MikeK

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Hi Tu,

The NVR is a manually operated relay (contactor) that is supposed to self-latch when A1 is connected to Terminal 24 of the NVR. When you push the green button on the front of the NVR, you force the contacts to close, which connects Terminal 13 to Terminal 14 (Neutral) and Terminal 23 to Terminal 24 (Line). Since the Line side of the mains connects to the A1 side of the coil, the coil remains energized when you release the green button.

What is not shown on the diagram are the internal connections for the red button, which is a normally closed switch in series with the coil. You don't need to worry about these since you can't access them.

A variation of the wiring is to use the emergency switch in series with the brown mains wire like you originally had, as long as the switch contacts are rated for the load. This will effectively remove all power from the NVR and prevent the motor from starting even if the green button is pushed. However, you still have to connect A1 to Terminal 24.

If the motor runs while you hold the green button in, but stops when you release it, then the latching coil inside the NVR is not working...assuming the wiring is correct. I've installed dozens of similar NVRs without any of the problems you are experiencing. Also, if the black wire from the motor is a Line connection through an internal thermal overload switch in the motor, then the diagram you have in the second drawing should work. I suspect the coil in the NVR is bad.

Edit: Roy beat me to it. :)
 
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tulogngham

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Mike & Roy. I’m coming to conclusion that it’s a duff switch. I will test it as mentioned. So I’m happy to go the DOL starter route. Do you guys have any recommendations? I have a Screwfix near me.
 

Spectric

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A DOL is a larger unit but will also have an overload device for added protection. It will not be just a straight swap but better quality.
 

tulogngham

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I’d like one with a emergency stop type button as it’s gonna be mounted on my table saw and if anything, it would be good nudge the stop with my knees.
 

tulogngham

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My table saw is 4hp on 16A single phase. I will test that switch tomorrow and let you guys knows.
 

NetBlindPaul

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I am going with the new and old switches being different, or it isn’t wired correctly?
It is not acceptable to run the full load mains current through the e-stop button unless the switch OEM states that it is OK, and the switch terminals are rated at 16A AC-23. Never seen one at that rating yet.
If the e-stop is the same make as the “NVR Switch“, then it is 16A AC-1 rated.
AC-1 rating is for non-inductive, or slightly inductive loads. A motor does NOT fall into this category. So even, IF, the machine OEM has designed it this way, it is NOT compliant with the relevant product standards.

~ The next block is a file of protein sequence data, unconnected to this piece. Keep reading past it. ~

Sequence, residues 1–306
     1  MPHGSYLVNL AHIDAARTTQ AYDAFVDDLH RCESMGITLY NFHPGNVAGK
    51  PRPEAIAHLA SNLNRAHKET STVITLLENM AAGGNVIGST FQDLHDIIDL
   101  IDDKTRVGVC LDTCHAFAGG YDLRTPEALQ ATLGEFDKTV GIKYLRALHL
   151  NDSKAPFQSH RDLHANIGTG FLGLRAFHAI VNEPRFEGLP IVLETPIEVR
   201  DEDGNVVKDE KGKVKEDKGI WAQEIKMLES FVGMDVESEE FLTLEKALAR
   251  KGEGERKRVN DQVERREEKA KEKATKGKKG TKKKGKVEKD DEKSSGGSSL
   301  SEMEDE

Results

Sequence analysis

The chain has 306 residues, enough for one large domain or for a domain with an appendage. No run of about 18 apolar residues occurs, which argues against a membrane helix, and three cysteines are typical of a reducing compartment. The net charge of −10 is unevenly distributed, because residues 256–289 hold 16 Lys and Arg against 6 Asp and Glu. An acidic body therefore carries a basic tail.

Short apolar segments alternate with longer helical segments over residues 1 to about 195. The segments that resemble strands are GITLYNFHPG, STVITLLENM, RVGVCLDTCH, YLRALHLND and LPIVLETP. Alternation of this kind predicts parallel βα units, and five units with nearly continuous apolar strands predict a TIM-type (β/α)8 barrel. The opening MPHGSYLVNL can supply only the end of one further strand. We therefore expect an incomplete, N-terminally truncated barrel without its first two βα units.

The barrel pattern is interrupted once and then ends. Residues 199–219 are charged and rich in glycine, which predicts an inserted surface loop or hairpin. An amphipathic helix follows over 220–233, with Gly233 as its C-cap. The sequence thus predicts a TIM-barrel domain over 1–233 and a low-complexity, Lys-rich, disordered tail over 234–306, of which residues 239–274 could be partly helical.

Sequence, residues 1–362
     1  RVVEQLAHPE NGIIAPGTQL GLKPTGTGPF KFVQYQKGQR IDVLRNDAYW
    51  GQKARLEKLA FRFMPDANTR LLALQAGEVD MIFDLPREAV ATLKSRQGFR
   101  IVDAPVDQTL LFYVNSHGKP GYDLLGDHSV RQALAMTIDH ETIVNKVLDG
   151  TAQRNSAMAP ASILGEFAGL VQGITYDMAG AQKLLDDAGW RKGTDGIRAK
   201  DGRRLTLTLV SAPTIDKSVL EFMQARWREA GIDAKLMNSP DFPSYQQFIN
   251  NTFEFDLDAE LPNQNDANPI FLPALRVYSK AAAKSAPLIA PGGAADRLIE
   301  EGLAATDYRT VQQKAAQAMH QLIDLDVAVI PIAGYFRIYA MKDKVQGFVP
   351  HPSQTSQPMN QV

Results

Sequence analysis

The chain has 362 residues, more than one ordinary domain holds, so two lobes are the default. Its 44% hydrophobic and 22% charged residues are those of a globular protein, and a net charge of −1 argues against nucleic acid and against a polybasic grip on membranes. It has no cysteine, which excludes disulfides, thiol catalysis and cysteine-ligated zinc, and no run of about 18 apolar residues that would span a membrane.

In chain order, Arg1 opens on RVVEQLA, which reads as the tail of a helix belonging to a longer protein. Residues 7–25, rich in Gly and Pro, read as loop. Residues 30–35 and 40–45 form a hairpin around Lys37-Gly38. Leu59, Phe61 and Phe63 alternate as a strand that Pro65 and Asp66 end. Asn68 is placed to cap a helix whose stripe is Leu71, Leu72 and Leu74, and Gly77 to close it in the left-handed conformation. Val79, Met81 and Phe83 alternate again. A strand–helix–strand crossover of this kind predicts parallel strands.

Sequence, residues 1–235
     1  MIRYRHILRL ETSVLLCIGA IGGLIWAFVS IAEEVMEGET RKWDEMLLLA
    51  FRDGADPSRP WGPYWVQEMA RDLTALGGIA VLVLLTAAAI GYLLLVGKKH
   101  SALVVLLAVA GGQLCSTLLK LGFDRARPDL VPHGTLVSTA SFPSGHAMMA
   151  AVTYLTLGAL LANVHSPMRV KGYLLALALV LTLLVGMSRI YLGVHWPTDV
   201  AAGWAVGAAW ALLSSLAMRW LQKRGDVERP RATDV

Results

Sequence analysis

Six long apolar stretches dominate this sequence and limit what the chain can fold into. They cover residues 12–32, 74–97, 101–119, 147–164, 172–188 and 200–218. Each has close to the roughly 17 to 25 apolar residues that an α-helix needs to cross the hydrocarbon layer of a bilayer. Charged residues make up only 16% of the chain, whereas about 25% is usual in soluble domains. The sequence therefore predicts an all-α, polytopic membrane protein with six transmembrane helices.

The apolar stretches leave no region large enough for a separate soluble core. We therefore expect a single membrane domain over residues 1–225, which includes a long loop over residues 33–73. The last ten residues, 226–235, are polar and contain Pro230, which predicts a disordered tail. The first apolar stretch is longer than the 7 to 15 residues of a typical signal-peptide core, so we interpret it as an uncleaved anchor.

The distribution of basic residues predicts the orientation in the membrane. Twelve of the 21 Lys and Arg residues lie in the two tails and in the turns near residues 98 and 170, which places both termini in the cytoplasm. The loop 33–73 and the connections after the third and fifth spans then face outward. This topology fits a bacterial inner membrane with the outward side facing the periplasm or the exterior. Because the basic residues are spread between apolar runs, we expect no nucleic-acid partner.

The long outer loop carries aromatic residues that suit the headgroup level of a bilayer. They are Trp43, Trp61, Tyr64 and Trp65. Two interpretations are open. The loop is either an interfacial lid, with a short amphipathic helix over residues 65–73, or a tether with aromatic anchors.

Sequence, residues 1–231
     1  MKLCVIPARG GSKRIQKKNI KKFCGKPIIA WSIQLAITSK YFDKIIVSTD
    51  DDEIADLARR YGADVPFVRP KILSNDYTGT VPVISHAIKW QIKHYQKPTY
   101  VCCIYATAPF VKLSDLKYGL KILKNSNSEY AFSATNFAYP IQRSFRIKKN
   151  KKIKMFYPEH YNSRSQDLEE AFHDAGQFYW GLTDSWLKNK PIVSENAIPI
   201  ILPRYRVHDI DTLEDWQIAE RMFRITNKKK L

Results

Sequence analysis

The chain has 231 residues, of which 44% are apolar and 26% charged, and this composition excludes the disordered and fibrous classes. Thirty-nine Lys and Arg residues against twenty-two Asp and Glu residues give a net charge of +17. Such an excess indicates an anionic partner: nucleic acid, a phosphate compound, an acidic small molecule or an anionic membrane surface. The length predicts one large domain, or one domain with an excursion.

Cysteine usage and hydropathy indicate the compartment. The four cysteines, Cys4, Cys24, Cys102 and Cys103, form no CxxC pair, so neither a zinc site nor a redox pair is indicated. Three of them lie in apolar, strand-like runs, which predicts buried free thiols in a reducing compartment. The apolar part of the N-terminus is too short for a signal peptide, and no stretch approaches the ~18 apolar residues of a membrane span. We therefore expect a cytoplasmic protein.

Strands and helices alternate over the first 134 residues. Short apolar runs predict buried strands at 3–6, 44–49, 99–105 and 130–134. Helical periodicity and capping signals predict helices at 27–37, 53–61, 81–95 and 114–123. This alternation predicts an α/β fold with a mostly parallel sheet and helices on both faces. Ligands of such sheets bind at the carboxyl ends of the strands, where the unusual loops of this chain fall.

I am guessing that the black wire was on terminal A1, and is a return from a thermal switch in the motor windings.
I have done a rough sketch of how I would look to wire this.
Remember that I have not seen the machine, and I only have the sketchy information in this thread.
Take my advice at your peril, without a fuller knowledge of the machine I cannot be sure.
I have checked the “NVR Switch” OEM data, on the switch and their E-Stop in preparing this, however, I have no idea on the condition of the machine, nor the internal wiring of the motor.
A thermal switch, and e-stop however, are not designed to carry motor load currents, they are control devices.
NVR-Switch.PNG
 

tulogngham

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Hi Paul,
Thank you for your diagram.
When I took off the previous NVR switch, I took a picture, and the black wire from the motor was indeed connected to A1. See pics enclosed..
 

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tulogngham

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Paul - Follow up question .. how do I know if the black wire is actually active ?
Tu
 

NetBlindPaul

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Please see PM reply.

I hadn't seen this post when I replied to the PM.

I would now wire this exactly as my drawing.
I believe that the black functions as I have drawn it.
 

woodwind

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Ref Paul's diagram if the themal cutout is open circuit there will be no live supply to the NVR and it won't latch, although the motor will run when the button is pressed. This fits the OPs description of the problem.
 

NetBlindPaul

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Folks,
...
Temperamental in terms of
(1) If I bang the table, the motor switches on
...
Tu
Ref Paul's diagram if the themal cutout is open circuit there will be no live supply to the NVR and it won't latch, although the motor will run when the button is pressed. This fits the OPs description of the problem.
A failed thermal switch doesn't explain the machine starting up when the table is banged though. This is why I don't believe the thermal switch is faulty.